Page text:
OTTAWA (Reuters) - Canada’s economy likely generated only a small number of new jobs in May following the biggest two-month employment gain in more than 30 years.
The median forecast in a Reuters survey of economists is for a small job gain of 10,000, with about a quarter predicting a loss of employment. The Canadian unemployment rate is seen holding at 7.3 percent.
The market is unanimous in its belief that May employment figures are unlikely to repeat the sort of outsized job gains seen in March and April, which averaged almost 72,000 a month.
“The data in Canada has been giving everybody heartache in terms of employment numbers,” said Royal Bank of Canada Chief Economist Craig Wright, whose shop is calling for 10,000 net new jobs.
“You want to smooth it out a bit and look through the monthly wiggles.”
With an increase of 82,300 jobs reported for March, there might seem to have been a disconnect with the fact that gross domestic product only rose by 0.1 percent in the month, as reported on Friday.
“The puzzle is with all those people working, why didn’t we get any output for it,” CIBC World Markets chief economist Avery Shenfeld said.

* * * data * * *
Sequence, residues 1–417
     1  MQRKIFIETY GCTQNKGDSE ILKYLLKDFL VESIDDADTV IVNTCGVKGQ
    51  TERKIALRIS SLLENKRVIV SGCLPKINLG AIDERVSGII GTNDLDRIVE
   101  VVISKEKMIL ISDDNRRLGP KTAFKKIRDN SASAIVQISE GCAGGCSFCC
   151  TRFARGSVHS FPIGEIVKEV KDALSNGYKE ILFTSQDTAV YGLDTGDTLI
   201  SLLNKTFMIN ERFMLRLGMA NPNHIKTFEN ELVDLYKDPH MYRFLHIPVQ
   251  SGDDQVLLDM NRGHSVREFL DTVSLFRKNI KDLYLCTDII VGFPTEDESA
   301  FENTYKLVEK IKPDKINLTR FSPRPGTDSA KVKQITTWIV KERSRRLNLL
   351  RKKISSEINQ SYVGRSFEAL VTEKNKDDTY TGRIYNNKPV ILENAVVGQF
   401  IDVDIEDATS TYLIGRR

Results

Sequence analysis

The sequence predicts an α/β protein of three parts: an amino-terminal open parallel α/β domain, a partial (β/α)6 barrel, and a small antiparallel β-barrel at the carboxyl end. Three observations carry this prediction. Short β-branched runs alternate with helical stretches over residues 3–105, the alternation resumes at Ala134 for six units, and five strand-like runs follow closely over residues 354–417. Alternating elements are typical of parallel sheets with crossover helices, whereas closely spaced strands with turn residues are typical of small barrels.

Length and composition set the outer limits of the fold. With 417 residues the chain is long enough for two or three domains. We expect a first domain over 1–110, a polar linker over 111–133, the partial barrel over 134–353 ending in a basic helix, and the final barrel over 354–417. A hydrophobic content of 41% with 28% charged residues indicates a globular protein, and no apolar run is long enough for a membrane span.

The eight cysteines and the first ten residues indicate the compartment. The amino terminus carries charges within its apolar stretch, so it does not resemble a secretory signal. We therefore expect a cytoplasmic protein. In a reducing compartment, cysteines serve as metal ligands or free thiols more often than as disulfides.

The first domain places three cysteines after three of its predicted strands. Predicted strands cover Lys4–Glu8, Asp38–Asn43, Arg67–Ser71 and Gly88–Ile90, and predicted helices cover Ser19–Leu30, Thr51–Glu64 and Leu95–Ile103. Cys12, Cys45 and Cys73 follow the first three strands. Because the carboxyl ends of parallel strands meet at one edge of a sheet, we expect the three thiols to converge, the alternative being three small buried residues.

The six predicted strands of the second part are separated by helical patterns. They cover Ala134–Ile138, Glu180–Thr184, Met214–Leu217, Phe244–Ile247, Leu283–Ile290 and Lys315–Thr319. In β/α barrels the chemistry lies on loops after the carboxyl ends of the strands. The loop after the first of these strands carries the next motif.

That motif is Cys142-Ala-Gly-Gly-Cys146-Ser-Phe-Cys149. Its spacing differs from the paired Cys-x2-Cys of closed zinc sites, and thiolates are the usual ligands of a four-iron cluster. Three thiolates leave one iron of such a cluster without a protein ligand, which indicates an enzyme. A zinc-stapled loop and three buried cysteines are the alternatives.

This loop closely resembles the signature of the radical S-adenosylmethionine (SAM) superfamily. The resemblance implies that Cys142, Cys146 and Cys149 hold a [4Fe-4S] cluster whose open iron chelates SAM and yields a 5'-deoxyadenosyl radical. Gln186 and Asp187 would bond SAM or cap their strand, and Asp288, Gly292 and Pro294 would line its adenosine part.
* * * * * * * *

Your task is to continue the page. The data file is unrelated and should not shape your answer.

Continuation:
However, he pointed out that the strength of the March number was largely corroborated by the employer survey released on Thursday, which showed an increase of 49,000 in non-farm payroll employment.
Shenfeld said the March and first quarter growth figures were depressed partly by temporary production issues in the oil, gas and mining sectors, and he predicted “a nice rebound in GDP” in April - which could justify higher employment in March/April.
Wright said he believed the trend growth for Canada was a still respectable 20,000 to 25,000 jobs. With a Canadian population one-ninth that of the United States, it would be as if the U.S. economy would add 180,000 to 225,000 posts a month. In fact, 69,000 U.S. jobs were added in May.
Editing by Jeffrey Hodgson